Presented with a property owner’s request to add a dormer window to a French Quarter building to accommodate the installation of an elevator, City Councilwoman Nadine Ramsey on Thursday rejected a denial by the Vieux Carre Commission and the protests of French Quarter residents and urged the council to grant the request.
In doing so, she demonstrated again that although she represents the city’s oldest and most historic neighborhoods, she will not be bound by the recommendations of agencies charged with preserving them.
The council voted 4-3 to support her position.
Appearing to stick with the declaration she made in September that “people are more important than property,” Ramsey sided with Edmond Wolff’s argument that his need for easier access to his fourth-floor walk-up trumped concerns about preserving the look of a 184-year-old building.
“I certainly respect VCC’s decision of denial and their basis for it. Respecting and preserving the integrity of the building is important. Maintaining the symmetrical look is important,” Ramsey said. “However, in this particular instance, I think a compromise which allows the dormer, which would not significantly affect the significance of the building ... that we should grant that.”
Wolff intends to install an elevator in the back corner of a four-story building at 510 Wilkinson Row, a half-block from Jackson Square. Because the top floor once was an attic, the ceiling is so low that there is not enough room for an elevator. The dormer window would allow the elevator to go to the fourth floor.
The addition would mean the building would have two dormers on its rear side and one on its front side, and the new dormer would be asymmetrical to the windows beneath it. The change also would mean the building would no longer match the one next to it, which was constructed at the same time.
The VCC ruled, as it did in 2011 when the same request was made, that the proposed alterations would damage the architectural and historic integrity of the early 19th century building. VCC decisions can be appealed to the City Council.
Ramsey’s decision again highlights the shift the District C council seat has taken from what had been a reliably pro-preservation point of view in recent years to more of a toss-up situation under Ramsey.
She has said that while she supports historic preservation, she doesn’t believe it should always outweigh the interests or wishes of property owners. Since taking office she has pushed for the partial demolition of a building in Algiers and the demolition of a home outside her district, over the objections of neighborhood associations and the Historic District Landmarks Commission.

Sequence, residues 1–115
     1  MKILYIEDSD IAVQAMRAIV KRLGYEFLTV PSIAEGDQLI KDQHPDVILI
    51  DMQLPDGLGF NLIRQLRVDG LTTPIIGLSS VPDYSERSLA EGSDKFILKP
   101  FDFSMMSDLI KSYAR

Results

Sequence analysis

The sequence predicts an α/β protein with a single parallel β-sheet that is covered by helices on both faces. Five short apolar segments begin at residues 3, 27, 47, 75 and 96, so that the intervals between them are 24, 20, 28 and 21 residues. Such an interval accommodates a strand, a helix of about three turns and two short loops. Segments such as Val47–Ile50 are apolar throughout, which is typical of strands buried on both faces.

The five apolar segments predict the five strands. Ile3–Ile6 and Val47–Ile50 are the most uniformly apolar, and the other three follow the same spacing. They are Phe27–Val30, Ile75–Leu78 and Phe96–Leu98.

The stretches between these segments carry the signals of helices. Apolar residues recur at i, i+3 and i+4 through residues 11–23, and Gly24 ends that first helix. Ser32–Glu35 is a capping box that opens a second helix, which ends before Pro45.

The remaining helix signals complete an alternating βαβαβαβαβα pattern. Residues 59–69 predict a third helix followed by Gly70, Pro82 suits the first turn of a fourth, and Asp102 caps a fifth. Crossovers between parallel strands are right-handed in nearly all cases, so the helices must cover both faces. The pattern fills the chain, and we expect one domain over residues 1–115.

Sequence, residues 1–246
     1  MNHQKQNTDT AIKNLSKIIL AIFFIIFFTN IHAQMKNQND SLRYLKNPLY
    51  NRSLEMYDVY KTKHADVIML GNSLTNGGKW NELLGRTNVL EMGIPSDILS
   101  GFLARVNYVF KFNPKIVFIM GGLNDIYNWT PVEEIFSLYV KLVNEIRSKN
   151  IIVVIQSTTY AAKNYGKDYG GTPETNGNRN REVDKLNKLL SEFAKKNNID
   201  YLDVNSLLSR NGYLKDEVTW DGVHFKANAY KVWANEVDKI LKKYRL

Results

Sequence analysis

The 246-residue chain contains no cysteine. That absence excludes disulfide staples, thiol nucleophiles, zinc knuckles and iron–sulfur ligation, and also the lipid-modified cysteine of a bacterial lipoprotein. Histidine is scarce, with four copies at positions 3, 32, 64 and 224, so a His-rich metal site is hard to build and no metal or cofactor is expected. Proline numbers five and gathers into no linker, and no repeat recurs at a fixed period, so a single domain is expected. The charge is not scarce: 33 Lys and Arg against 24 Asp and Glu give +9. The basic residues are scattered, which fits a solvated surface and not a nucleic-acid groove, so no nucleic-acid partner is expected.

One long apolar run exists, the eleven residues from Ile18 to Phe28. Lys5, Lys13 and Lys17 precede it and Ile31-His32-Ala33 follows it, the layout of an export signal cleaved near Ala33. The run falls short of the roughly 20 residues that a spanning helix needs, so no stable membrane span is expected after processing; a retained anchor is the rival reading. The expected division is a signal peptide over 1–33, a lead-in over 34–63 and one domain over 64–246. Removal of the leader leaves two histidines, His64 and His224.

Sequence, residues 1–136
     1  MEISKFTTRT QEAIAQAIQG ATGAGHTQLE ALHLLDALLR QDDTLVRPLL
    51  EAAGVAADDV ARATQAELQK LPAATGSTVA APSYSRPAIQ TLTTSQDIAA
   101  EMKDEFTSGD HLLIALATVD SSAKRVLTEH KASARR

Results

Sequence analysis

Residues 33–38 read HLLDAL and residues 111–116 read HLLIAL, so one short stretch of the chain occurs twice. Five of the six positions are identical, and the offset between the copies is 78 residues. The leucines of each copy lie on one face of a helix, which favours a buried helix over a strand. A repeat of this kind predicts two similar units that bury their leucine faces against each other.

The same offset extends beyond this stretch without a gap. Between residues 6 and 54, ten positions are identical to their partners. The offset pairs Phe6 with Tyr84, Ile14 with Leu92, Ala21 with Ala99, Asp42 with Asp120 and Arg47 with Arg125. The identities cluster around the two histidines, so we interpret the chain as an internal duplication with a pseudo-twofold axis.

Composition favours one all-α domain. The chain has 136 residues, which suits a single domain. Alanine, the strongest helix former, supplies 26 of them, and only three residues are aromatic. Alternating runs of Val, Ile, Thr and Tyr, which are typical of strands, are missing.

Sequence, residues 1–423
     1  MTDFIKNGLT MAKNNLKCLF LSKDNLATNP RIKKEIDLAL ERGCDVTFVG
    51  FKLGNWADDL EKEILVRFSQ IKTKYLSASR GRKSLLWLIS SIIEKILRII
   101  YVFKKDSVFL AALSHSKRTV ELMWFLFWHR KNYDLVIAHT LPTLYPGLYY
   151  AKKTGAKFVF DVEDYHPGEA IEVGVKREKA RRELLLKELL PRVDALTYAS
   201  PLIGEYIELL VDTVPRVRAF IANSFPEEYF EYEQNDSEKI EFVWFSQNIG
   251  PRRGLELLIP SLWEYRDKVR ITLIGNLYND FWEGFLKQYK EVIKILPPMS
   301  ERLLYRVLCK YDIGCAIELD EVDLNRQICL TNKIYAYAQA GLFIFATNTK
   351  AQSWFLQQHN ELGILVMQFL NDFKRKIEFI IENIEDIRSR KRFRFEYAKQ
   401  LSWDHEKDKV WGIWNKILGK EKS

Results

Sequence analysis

In the latter case, Ramsey said she believed the property owner should be able to demolish a home if she and her family could no longer afford to maintain it.
In an editorial column appearing on the website nola.com on Friday, Ramsey said there has been “increased public debate surrounding the tension between historical preservation and economic development.” She wrote that she thinks it would do the city good to have an “informed and honest debate” about the merits of each.
“Our task, all of us, is to preserve our priceless history without stifling our future. For that to happen, each discussion must include an analysis of what’s best for the whole city,” Ramsey wrote. “Both sides, preservation and development, need to understand how dependent they are on each other. We must not allow the process to become an ‘either or’ choice between two hardened opponents. We must always work to find common ground if we are to reap the benefits that come from a ‘both and’ partnership.”
Ramsey presented her decision Thursday as such a compromise.
Wolff, who lives in Metairie, bought his fourth-floor unit on Wilkinson Row as a second home 12 years ago, according to his son, David Wolff. At age 78, his father can no longer easily climb the four flights required to get to his condominium, David Wolff said.
“At the age of 66, four flights of stairs were something he was willing to put up with to spend time in the Quarter,” David Wolff said. “Now at 78, it’s becoming more difficult for him.”
Wolff said he has tried to sell the property but hasn’t been able to find a buyer at his listed price.
French Quarter residents, who spoke in opposition to Wolff’s request, offered a solution to that dilemma: Lower the price.
They urged the council to uphold the VCC’s denial of the request.
“This appeal, if approved, would mean the standards of historic preservation are being judged and determined by individual convenience and the human condition,” French Quarter Citizens Executive Director Carol Gniady said. “When these standards are overturned for convenience when they present a difficulty to an individual, then there is no integrity to the standards.”
Explaining her decision, Ramsey said there was no less obtrusive way to install the elevator. She added that roof lines on higher-rated buildings — those considered more architecturally significant — have been altered in the past.
Voting with Ramsey to overturn the VCC’s decision were council members LaToya Cantrell, James Gray and Jared Brossett. Stacy Head, Jason Williams and Susan Guidry were opposed.